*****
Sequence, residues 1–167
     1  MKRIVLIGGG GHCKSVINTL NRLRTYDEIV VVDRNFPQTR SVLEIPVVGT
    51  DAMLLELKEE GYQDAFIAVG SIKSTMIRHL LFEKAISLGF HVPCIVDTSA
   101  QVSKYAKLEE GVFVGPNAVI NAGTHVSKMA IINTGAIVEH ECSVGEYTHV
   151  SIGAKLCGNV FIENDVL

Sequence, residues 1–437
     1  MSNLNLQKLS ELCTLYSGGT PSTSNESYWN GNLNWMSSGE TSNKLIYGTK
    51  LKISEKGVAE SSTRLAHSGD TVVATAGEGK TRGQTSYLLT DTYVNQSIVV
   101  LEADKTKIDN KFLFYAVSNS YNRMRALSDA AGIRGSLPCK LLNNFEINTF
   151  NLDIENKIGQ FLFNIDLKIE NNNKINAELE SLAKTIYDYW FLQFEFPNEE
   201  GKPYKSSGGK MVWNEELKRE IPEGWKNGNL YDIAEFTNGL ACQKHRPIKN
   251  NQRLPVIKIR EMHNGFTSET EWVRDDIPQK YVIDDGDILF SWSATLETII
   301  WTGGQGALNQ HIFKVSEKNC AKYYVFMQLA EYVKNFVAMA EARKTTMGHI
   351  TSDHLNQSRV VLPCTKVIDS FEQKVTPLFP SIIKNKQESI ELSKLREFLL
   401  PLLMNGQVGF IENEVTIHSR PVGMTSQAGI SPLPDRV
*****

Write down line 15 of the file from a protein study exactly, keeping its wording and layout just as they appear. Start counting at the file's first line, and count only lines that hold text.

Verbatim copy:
   401  PLLMNGQVGF IENEVTIHSR PVGMTSQAGI SPLPDRV